Labour are objecting to the timing of the referendum and the diminishing number of MPs. I have some sympathy with the first argument as it will scew turnout where there are local elections, while diminishing MPs by only 50 does seem a little strange. Ofcourse Labour also have a hidden aganda many in the Labour party and the Lib Dems as well are genuinely shocked by the Neo Con approach of this government to cuts and public services. If we want to call their bluff on this issue though simply change the date and keep the number of MPs the same. Lets stop being hollier than thou though … after our U turn on cuts one day after the election we can’t get away with that rtactic any more .

  • I think if we keep the number of MPs the same and don’t fiddle with the way of determing seat numbers then Labour will support the referendum. It’s not a case of calling anyone’s bluff.

    The timing issue is important as the disastrous count for the last Scottish elections showed with 100,000 spolit ballot papers when voters had to chose a Scottish Parliament by AMS and councils by STV on the same day.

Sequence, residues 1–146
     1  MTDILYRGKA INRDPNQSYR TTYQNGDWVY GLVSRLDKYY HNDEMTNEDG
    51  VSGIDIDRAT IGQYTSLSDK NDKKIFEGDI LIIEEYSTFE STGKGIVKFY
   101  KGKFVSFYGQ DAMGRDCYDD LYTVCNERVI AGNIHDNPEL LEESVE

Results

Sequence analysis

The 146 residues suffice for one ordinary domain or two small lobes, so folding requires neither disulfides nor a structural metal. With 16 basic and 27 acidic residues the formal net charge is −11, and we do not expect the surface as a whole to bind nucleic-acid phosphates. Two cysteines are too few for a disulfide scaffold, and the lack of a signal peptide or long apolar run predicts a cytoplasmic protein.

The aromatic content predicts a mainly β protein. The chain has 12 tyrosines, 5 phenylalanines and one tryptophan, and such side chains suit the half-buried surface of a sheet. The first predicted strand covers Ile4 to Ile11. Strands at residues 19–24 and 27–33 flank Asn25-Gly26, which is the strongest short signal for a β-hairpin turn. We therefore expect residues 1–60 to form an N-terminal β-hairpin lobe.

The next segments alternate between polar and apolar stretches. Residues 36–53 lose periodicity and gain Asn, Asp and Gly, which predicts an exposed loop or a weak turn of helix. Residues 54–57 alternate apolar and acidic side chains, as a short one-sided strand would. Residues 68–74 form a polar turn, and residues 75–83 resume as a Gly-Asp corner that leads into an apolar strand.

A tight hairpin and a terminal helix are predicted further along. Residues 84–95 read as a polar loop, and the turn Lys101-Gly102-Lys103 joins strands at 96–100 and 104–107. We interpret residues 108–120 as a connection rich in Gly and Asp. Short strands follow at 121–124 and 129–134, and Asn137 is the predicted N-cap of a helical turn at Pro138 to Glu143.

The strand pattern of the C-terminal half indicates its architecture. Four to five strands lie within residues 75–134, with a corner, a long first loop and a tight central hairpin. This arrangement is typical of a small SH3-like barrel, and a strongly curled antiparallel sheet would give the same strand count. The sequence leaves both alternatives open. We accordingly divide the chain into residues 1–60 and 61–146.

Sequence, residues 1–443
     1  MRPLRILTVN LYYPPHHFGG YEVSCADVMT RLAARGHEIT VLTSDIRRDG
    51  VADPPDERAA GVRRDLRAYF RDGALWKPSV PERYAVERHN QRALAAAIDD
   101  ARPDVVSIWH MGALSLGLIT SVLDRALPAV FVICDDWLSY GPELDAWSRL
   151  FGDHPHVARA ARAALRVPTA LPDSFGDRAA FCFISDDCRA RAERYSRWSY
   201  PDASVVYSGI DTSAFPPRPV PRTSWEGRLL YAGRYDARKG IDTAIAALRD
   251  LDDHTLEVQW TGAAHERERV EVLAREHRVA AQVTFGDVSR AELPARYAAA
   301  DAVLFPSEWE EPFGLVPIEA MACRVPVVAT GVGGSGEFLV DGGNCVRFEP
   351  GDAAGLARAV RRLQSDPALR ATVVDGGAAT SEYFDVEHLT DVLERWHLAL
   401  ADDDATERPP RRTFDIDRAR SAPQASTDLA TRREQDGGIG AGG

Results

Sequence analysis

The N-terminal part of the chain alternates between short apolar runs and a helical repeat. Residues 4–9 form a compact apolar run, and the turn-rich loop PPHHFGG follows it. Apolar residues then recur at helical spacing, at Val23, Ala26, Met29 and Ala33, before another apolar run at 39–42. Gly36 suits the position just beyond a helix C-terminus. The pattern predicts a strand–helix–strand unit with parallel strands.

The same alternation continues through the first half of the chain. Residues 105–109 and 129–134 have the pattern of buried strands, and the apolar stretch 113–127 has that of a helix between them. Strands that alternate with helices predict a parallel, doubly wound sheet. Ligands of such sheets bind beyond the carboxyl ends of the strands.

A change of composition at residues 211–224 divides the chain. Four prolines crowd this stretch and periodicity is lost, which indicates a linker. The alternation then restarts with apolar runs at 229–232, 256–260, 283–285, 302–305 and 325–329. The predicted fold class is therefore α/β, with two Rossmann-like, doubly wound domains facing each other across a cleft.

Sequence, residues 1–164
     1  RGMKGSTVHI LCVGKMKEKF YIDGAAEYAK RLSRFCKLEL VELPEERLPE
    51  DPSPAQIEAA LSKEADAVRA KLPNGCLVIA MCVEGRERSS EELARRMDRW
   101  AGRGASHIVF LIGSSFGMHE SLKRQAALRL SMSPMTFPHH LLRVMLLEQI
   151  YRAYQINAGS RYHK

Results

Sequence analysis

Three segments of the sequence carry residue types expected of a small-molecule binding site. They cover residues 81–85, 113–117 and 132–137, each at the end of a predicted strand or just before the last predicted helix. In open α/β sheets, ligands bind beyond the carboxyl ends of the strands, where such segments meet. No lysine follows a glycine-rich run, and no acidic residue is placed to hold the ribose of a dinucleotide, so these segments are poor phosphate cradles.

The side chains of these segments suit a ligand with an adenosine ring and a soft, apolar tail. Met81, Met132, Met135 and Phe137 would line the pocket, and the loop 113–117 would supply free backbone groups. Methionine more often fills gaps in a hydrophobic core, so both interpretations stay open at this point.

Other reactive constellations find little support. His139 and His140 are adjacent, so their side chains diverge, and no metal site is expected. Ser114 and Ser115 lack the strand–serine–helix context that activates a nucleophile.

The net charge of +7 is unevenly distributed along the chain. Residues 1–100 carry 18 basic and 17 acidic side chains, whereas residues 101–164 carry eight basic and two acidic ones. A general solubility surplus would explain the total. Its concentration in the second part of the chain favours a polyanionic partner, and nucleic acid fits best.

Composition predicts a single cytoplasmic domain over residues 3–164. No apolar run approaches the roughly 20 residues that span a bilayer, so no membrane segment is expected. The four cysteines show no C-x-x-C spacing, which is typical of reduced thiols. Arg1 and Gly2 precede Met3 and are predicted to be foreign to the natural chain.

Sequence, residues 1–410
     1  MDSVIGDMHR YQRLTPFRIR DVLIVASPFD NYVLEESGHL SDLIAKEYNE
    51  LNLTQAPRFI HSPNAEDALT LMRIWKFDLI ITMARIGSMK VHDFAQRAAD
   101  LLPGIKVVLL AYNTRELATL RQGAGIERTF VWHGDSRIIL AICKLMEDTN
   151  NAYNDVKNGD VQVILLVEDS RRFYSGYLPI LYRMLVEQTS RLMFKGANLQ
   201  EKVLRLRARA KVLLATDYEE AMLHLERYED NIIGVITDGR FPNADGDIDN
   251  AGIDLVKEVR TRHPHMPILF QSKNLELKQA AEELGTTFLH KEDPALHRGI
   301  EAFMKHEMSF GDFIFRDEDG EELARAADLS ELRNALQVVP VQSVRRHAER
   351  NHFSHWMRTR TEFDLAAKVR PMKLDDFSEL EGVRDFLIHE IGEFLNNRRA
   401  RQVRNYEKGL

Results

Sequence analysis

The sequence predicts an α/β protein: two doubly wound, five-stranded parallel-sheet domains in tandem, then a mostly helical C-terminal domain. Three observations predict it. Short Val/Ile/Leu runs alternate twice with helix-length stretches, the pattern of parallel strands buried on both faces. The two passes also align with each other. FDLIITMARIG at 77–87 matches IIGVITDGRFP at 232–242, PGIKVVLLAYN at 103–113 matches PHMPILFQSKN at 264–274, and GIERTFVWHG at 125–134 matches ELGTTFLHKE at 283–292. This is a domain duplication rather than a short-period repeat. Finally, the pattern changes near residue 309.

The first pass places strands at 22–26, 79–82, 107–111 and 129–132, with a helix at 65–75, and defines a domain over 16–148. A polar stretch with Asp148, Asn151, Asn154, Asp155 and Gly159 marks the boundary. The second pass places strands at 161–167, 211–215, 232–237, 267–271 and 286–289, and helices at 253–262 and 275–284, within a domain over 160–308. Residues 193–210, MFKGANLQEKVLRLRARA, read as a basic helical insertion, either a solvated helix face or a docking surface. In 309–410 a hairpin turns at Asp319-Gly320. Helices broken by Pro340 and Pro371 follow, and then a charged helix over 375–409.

• @Liberal Neil
    Wouldn’t you agree that the resizing of constituencies should be of all potential voters and not registered voters? The latter choice seems a bit fishy to me, in all honesty.

  • Malcolm Todd 7th Sep '10 - 4:15pm

    @Liberal Neil
    Wouldn’t you agree that the resizing of constituencies should be of all potential voters and not registered voters? The latter choice seems a bit fishy to me, in all honesty.

    Actually, I don’t buy this argument at all. Certainly, we should try to get everybody who is entitled to vote registered to vote (and it is a scandal that the coalition has cut funding to programmes designed to help with that). But basing size of constituency on anything other than number of registered voters seems to me wrong in principle. Fundamentally, why should the fact that my neighbours are students, or immigrants, or families with large numbers of children, or even “potential voters” with a transient lifestyle or a deep suspicion of all authority mean that I should get a bigger say in forming the government and laws of the country? I don’t represent my neighbours, nor pretend to.

  • Stuart Mitchell 7th Sep '10 - 6:58pm

    Liberal Neil: I think you’ll find that the bill’s exemption for certain (mostly Lib Dem-held) Scottish seats makes Liberals sound somewhat ridiculous when ponitifcating about the rights and wrongs in all this.

  • @Malcolm Todd
    Every citizen of this country-student, large family, transient etc, is entitled to a vote-as are you. Indeed, for you to suggest that- what you consider to be your superior lifestyle- makes you somehow more entitled, is arrogant in the extreme.